How Streaming Ruined the Ceremony of the New Music Experience

The downside of digital abundance is a lack of novelty.
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In an effort to standardize the release of new music across the globe, several years ago, Friday became the day for new music releases in the United States.

As a hip-hop writer and general music nerd, I understand that Friday might be different for me than the average nine-to-five, Monday-to-Friday clock-puncher. But while you might think I’d be overjoyed every Thursday evening at 11 PM EST, as the prospect of a whole new set of albums and singles are made available to explore, the novelty has quickly worn off.

When I was younger, new music was a physical adventure. My friends and I would hit the nearest mall and make a bee-line for FYE, the closest thing to a record store we knew about in the suburbs of Kansas City. My best friend Tyler and I would act as tastemakers for our mutual friend Robert, who always had money but wasn’t well-versed in the latest trends in music. Tyler and I would regurgitate word-of-mouth reviews and single out dope album covers, convincing Robert to purchase additions to our ever-growing booklet of CDs that soundtracked our adolescence and lived in Tyler’s shitty Honda Accord.

Buying music back then really meant something. Not just because CDs were upwards of $15 a pop, but because it involved actually traveling to a brick and mortar building and selecting music we knew little to nothing about, strictly off the strength of a friend’s opinion or captivating artwork, only to hop back into the car, roll a blunt and collectively judge our purchases.

It was a ceremony, a three-man listening session fueled by headache-inducing Mexican brick weed and gas station fountain drinks. It was through this ceremony that I discovered undisputed gems from UGK, Proof, Immortal Technique and countless others. Those trips to the mall were integral to my music tastes today. 

In 2017, that ceremony has been replaced by an almost mechanical, routine addition of music to my digital catalog. Every Friday, I open my TIDAL app—yes, I’m a proud TIDAL subscriber—and sift through the five or six new additions to the hip-hop category, making my selections available offline for later listening.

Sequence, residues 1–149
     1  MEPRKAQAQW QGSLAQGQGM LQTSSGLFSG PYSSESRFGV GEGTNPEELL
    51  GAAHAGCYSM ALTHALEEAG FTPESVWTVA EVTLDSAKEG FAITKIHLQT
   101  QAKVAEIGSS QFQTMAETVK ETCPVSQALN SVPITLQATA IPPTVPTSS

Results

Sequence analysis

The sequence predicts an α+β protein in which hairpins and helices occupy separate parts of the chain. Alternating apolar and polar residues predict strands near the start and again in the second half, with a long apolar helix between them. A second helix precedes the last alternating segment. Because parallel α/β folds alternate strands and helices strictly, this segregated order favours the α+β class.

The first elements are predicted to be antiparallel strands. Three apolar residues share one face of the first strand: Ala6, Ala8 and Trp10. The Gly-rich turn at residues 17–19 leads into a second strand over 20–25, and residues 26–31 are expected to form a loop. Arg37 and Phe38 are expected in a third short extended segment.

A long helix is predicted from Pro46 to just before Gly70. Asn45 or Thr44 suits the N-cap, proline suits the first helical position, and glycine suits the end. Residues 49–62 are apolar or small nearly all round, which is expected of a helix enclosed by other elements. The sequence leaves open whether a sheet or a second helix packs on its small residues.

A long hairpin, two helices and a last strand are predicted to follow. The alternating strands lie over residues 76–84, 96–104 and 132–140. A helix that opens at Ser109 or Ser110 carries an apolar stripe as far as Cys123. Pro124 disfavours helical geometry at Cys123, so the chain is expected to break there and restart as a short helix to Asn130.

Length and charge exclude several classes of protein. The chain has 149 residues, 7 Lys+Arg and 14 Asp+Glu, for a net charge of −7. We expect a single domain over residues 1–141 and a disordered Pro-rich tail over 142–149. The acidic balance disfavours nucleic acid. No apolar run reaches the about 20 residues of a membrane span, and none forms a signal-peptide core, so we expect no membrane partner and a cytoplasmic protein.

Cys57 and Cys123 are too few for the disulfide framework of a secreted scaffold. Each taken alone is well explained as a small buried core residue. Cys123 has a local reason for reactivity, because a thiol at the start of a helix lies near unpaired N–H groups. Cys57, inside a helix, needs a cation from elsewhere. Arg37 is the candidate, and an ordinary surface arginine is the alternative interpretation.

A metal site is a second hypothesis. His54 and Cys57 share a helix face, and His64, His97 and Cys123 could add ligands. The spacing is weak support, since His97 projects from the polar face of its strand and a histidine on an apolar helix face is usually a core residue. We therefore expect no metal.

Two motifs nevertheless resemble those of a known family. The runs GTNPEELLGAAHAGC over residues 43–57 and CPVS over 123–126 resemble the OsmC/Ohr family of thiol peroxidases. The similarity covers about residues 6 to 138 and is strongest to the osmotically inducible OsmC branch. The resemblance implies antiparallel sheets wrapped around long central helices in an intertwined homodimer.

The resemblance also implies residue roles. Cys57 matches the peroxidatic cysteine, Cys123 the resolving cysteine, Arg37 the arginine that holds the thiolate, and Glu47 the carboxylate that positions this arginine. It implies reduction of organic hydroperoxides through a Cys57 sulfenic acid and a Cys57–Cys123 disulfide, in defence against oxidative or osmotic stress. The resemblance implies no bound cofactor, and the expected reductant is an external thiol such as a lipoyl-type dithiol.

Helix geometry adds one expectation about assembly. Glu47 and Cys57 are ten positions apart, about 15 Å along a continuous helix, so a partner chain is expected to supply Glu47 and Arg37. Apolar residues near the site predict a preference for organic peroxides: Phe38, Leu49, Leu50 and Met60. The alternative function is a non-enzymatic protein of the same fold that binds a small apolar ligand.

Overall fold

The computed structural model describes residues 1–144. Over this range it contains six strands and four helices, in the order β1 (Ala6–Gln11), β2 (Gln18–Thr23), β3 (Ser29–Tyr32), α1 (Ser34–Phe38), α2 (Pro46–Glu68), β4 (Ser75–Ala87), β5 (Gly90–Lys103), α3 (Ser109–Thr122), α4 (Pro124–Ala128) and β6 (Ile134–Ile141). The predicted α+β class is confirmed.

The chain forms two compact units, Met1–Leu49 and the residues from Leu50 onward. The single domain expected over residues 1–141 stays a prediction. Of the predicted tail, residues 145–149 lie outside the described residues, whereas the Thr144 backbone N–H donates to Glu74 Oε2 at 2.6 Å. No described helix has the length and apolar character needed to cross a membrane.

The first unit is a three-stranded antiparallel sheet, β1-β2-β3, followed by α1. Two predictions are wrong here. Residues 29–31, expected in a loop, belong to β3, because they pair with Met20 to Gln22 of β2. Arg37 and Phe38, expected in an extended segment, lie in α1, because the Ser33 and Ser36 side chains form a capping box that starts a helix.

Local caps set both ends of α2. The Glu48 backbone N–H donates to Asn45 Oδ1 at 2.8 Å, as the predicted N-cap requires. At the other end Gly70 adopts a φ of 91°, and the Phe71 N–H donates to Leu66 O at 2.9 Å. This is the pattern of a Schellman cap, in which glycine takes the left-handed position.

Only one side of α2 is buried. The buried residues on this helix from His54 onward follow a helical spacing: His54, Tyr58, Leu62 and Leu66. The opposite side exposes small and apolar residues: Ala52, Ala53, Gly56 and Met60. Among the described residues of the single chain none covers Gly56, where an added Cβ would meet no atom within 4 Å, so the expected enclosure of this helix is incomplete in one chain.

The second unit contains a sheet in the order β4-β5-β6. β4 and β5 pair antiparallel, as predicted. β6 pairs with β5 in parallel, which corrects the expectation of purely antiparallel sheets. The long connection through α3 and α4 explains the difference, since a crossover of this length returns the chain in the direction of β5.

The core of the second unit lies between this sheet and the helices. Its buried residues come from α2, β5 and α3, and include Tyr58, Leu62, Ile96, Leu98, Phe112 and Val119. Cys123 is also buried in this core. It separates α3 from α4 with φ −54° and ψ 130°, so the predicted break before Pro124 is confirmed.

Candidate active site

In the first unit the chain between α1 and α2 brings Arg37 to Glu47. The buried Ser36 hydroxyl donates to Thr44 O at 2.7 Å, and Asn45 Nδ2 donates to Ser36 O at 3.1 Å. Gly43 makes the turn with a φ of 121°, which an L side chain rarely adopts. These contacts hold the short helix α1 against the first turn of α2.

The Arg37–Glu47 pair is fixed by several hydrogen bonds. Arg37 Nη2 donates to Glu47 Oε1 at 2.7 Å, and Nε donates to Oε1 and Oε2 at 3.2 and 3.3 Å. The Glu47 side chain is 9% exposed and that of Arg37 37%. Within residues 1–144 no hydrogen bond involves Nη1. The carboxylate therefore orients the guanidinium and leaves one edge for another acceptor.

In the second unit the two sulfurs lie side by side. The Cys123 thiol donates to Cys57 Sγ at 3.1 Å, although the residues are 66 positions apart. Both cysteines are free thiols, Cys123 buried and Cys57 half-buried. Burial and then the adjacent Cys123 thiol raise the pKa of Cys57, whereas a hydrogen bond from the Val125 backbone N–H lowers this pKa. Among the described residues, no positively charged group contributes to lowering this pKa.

No longer are my selections based on finite financial resources or the suggestions of my fellow music nerds. I simply check off the latest releases, and my transaction is finished until I check my bank statement and see that $9.99 deduction for my monthly subscription. From a financial standpoint, the digital music revolution has afforded me access to more music than I would ever be able to purchase individually. Yet, I find myself longing for the days of $15 CDs and stuffy FYE storefronts.

Admittedly, writing about hip-hop for a living has also fundamentally changed my relationship to music. What used to be a carefree exploration of hip-hop’s latest offerings has become a constant tug-of-war between appreciation and criticism; between simply listening to the music and deciphering it in a search for readable angles. But beyond my new monetary-based relationship to hip-hop, the shift that has most affected my appreciation of new music is still that missing piece of a physical relationship to the end product of artists’ creative births.

I know for many, streaming has revolutionized the listening experience for the better. Artists who may have toiled in obscurity ad infinitum are being given a spotlight and a chance to exist in the ears of thousands who may come across their music through a curated playlist or a chance sighting in an Apple Music feature box.

I’m certainly not dispelling the power, impact, and relevancy of streaming in general, and I’m still more than capable of discovering new music strictly off the strength of an incredible album cover or per the suggestions of my fellow DJBooth scribes, but I constantly find myself wondering how much more I might be able to appreciate the actual music had I physically gone out and plucked it from a sea of cellophane-wrapped mysteries.

How much additional replay value could these projects have if I had shelled out $15 for each of them? Would my enjoyment be any purer if I had to actually go out into the world in pursuit of a record rather than having it delivered from the ether to my phone without consent or effort?

I have no definite answer to these questions, and I’ve yet to concoct a solution to bring back the novelty I once reveled in when it came to discovering new music. All I know is that I dearly miss that ceremony of the hunt for the album that would become the soundtrack for the next month, and I have a lasting and specific appreciation for the albums we ultimately chose.

The times they are a-changin’, and I can only hope that as a listening populace—as a culture—we can find a way to reinstate some of that wonder and mystery. Our appreciation of the music might depend on it.

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